Essay This essay has been submitted by a student.
Middlebury College Type of paper: Essay This essay has been submitted by a student.
This is not an example of the work written by our professional essay writers. Why was this time in America called the reconstruction era The reconstruction era marked the rebuilding of America after attaining freedom from the British Empire.
It entailed the creation of a nationalist vision that focused on rebuilding America and ensuring equality for all including African Americans. However, the ear was marked with divergent views with part of the American colonies seeking to retain the old ways that sought to maintain slavery.
Equality was a key element that sufficed as a contentious issue within the reconstructive agenda. The reconstruction narrative is well supported by a number of literal texts with historical facts or themes that augur with the reconstruction agenda.
Narrative of the Life of Fredrick Douglas,is one document that highlights the historical [place of slavery in the reconstruction agenda. It highlights the role religion was used in perpetuating slavery as right.
In this text, Sabbath school was used to indoctrinate the African Americans to believe the cruel punishment was found in the bible. The text foresees the equality of all Americans which was attained after years and notable legislations.
The lamentations show that the journey to the freedom of the African Americans was tasking and full of struggle. Reconstruction era summary Incidents in the Life of a Slave Girl by Harriet Jacobs is another document that identifies with the reconstruction era.
The document details the experiences of women in slavery in the 19th century America. It denotes the depiction of African American slaves as property of the white masters. The author narrates that her contempt for the white Americans was brought forth by the notions that promoted inequality.
The exploitation of the female slaves is also dissected highlighting that equality was not only a racial issue but also a gender issue. Letter to Simon Cameron, Secretary of War, by Benjamin Butler is another text that investigates the effectiveness of the African Americans during the civil war.
Butler notes that the African American men and women equally worked hard when called upon. The African Americans were under his protection after fleeing from various areas. The letter highlights the inquiry by a White American regarding the status of the African Americans within the constitution.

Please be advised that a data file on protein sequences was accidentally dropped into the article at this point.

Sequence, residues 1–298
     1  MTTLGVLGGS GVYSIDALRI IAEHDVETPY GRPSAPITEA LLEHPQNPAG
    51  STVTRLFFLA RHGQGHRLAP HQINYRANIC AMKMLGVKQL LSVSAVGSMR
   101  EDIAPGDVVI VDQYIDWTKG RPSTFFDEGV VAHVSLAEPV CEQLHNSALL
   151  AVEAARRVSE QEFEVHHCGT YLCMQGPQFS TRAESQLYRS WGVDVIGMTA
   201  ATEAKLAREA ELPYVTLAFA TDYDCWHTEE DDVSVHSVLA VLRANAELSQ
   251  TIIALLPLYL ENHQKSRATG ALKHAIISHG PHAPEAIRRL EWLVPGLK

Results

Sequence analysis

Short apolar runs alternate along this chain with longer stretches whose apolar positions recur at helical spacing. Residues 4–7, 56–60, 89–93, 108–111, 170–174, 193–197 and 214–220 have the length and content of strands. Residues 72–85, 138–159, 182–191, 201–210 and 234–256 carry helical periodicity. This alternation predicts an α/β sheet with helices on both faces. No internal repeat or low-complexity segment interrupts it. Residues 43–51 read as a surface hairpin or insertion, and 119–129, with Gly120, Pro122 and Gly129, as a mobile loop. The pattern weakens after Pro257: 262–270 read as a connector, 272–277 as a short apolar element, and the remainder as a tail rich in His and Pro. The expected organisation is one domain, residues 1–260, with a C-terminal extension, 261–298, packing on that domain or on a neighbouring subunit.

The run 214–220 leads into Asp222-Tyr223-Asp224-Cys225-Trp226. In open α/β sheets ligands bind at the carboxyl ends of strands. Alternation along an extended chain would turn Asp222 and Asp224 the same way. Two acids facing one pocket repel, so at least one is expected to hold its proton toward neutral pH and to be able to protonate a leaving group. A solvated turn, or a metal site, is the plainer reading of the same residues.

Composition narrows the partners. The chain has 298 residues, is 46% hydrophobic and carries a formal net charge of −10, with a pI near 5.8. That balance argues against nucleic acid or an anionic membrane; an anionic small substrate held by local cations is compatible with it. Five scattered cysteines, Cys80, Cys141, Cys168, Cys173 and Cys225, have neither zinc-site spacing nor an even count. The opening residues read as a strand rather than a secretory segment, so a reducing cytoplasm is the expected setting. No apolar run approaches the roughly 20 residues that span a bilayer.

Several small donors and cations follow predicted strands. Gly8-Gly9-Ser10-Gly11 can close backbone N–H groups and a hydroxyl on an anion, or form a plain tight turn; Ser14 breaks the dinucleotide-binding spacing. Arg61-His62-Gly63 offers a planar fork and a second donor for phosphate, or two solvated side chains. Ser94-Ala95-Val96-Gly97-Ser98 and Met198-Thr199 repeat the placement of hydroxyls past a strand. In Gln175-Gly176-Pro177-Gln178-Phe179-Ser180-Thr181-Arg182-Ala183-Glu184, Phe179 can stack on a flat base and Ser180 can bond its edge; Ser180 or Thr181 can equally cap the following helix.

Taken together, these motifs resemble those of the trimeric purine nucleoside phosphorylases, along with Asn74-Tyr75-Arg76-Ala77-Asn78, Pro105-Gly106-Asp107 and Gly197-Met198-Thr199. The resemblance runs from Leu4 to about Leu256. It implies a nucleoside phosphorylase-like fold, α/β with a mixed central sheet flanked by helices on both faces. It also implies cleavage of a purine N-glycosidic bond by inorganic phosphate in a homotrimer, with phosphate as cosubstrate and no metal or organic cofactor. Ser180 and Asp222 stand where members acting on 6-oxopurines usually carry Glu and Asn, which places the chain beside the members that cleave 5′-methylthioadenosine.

It shows the different forces in the reconstruction agenda. The agenda for equality was not only pursued by the African Americans but also by liberal White Americans.Nov 20, · Essay on The Civil War and Reconstruction The Civil War was the turning point in the US history, while the Reconstruction era has completed the achievements of the Civil War and changes launched by the war/5(10).
- The Reconstruction Era, a period of reform after the conclusion of the American Civil War, allowed for great changes to occur throughout the Union. With the unpolished policies left by Lincoln, President Johnson and Congress were left to decide the fate of the newly freed blacks as well as the Confederates that had left the Union in shambles.
[tags: Reconstruction Era] Strong Essays words (6 pages) The Reconstruction Era and Freedom Essay - In the words of President Abraham Lincoln during his Gettysburg Address (Doc.
A), the Civil War itself, gave to our Nation, “a new birth of freedom”. The Civil War had ended and the . The reconstruction era marked the rebuilding of America after attaining freedom from the British Empire. It entailed the creation of a nationalist vision that focused on rebuilding America and ensuring equality for all including African Americans.
The Success and Failures of Reconstruction Essay. Civil War, America was in the era of Reconstruction, which was to bring the eleven seceding states back to a self-government and to be reseated in Congress, civil status of the former leaders of the Confederacy, and the Constitutional and legal status of freedmen.
That principle, which we know today as "civil rights," originated in the Civil War and the turbulent era of Reconstruction that followed. With Union victory, the status of the former slaves in the reunited nation became the focal point of the politics of postwar Reconstruction.